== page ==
This 2007 American League Championship Series is the summit for baseball so far in this October of our lives. It has achieved this higher elevation because it still entertains two possibilities for ultimate victory.
Certainly, there have been other great stories emerging in this postseason -- the nearly surreal success of the Colorado Rockies fairly gallops to mind in that category. But elsewhere, there has not been any of what could fairly be called drama. You know, the really compelling, down-to-the-wire, 11th-hour, do-or-die stuff that is supposed to be the best of October baseball.
It is ironic. The regular season was characterized by as much competitive balance as the game has ever known; for just the second time in the modern era, no team had a winning percentage above .600, no team had a winning percentage below .400. And the National League race for the postseason, with seven teams in genuine contention with just days to go, was as frantic as it was fascinating.
And then the postseason comes and there are wonderful stories, individual and collective. But drama? Not really. Of the first six postseason series, four were outright sweeps and one finished 3-1. Maybe the drama quota had already been exceeded. Maybe everything does even out in life, although try telling that to the Chicago Cubs.
Now, late in the day, like an October specialty, really, comes a candidate for a fitting October scenario. And precisely enough, the ALCS features by record, the two best teams in baseball, the Boston Red Sox and the Cleveland Indians.
Finally, some legitimate back-and-forth. The Red Sox looked nothing less than dominant in Game 1. Game 2 was a five-hour, 14-minute marathon, a feast of baseball, maybe even a surplus of baseball, finally ended by a seven-run 11th inning for the Tribe.
That turned the tide, because it became the Indians who appeared unstoppable. With three straight victories, built on strong pitching from the third and fourth starters, seemingly impenetrable work by the bullpen, and the occasional offensive explosion, the Indians came to Game 5 at Jacobs Field one victory away from the World Series.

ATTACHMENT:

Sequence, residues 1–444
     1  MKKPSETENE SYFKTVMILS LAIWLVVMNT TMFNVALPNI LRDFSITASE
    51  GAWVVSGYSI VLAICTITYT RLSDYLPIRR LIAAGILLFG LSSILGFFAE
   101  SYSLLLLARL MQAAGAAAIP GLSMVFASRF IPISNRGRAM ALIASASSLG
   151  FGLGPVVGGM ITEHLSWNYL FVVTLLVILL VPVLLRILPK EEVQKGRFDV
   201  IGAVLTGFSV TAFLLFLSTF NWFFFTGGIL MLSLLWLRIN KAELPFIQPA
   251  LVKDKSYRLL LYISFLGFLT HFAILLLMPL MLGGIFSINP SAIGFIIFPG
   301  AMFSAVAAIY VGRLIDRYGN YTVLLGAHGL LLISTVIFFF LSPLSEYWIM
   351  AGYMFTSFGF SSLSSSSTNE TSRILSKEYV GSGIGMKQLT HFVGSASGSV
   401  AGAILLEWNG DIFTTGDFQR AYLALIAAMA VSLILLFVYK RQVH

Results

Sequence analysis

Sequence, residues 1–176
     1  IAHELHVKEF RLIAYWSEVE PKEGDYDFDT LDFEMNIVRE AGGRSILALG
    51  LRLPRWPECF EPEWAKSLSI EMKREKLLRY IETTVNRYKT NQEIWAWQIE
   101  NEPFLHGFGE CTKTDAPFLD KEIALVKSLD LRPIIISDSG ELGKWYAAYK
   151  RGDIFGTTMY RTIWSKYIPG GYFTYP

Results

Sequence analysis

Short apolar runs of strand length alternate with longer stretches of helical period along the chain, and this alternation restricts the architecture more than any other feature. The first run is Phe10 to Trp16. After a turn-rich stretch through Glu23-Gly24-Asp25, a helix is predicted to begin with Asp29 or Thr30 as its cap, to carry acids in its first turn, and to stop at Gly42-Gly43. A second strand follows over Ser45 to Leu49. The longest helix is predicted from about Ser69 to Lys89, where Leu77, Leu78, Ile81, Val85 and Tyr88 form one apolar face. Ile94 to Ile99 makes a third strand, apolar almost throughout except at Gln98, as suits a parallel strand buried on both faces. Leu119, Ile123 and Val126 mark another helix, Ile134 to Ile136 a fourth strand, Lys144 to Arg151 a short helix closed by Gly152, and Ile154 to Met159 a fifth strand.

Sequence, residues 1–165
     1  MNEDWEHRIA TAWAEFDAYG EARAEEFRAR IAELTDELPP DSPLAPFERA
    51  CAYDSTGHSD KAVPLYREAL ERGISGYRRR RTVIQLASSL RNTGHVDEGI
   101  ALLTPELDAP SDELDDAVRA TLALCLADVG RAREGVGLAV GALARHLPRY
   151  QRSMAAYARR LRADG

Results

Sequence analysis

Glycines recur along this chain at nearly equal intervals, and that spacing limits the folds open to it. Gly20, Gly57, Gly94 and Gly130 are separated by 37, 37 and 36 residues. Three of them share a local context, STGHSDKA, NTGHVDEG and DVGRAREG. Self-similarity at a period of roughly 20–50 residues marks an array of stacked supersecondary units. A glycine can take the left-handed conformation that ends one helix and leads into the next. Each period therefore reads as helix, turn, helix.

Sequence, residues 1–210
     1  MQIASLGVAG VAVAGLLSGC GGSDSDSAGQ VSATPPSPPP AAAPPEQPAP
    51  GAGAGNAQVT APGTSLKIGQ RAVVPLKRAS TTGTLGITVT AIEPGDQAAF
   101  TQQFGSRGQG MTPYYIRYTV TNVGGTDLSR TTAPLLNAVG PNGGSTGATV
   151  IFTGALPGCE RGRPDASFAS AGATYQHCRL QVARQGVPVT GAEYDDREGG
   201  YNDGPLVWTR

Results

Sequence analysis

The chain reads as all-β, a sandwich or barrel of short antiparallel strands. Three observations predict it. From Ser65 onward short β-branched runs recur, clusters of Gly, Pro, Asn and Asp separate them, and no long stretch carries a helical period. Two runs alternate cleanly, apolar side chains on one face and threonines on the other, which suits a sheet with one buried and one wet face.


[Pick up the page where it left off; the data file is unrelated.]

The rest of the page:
And then Josh Beckett completely reversed the direction of this event again, with what is becoming for him the standard postseason pitching gem.
Now, mid-October turns to late October and the teams return to Fenway Park and we return to the atmosphere that we always hope to get out of baseball in this month. Saturday night, if it won't be the ultimate experience, at least it will be the penultimate experience, a Game 6.
The Indians are on still on the brink of the World Series. The Red Sox are still on the brink of elimination. Even for the fan with no specific rooting interest, this is much more like it.
Now, Curt Schilling, a longstanding postseason ace, will face Fausto Carmona, whose power sinker made him a 19-game winner this season. Neither pitcher succeeded nobly in Game 2, but one or both are fully capable of producing a postseason gem.
The storylines are in place, the preliminaries have been suitably played out, and now we come to real postseason deal. Either the Red Sox will stage a comeback that will be reminiscent of their epic achievement of 2004, or the Cleveland club of the new generation will have a postseason breakthrough.
This is good stuff. And despite the Red Sox being the favorites in this series, it is not unexpected. There is not a great deal of distance between these two clubs, both of them certifiably good, bidding to be good enough to be the best.
This is baseball that you hope for from the competitors and from October. When Indians manager Eric Wedge was asked on Friday if he had expected this series to go the distance or close to the distance, he was willing to budge from his typical one-game-at-a-time stance in favor of the big picture. And the big picture in this series is compelling.
"I'll answer that now because we're far enough into it," Wedge said. "I think prior to this series we felt like it was going to go pretty deep into it. We really did.
"You look at just how well both teams performed in the regular season, as well as the postseason matchups prior to this series and just looking at the matchups.
"You've got two pretty good teams that are going to battle it out and work hard to create opportunities for themselves, and take advantage of opportunities. And I think that's what you've seen so far."
What we've seen so far has mostly whetted the baseball appetite for what will come on Saturday night, and, who knows, perhaps Sunday night as well.
There had to be one postseason series that brought us these possibilities, didn't there? And this is the one best suited to it -- the two 96-victory outfits, the last two American League clubs standing, the best two clubs over the long pull of the regular season.
The two-way postseason street turns out to be the road less traveled this October. But the Indians and the Red Sox are the right clubs to be taking this route.
Mike Bauman is a national columnist for MLB.com. This story was not subject to the approval of Major League Baseball or its clubs.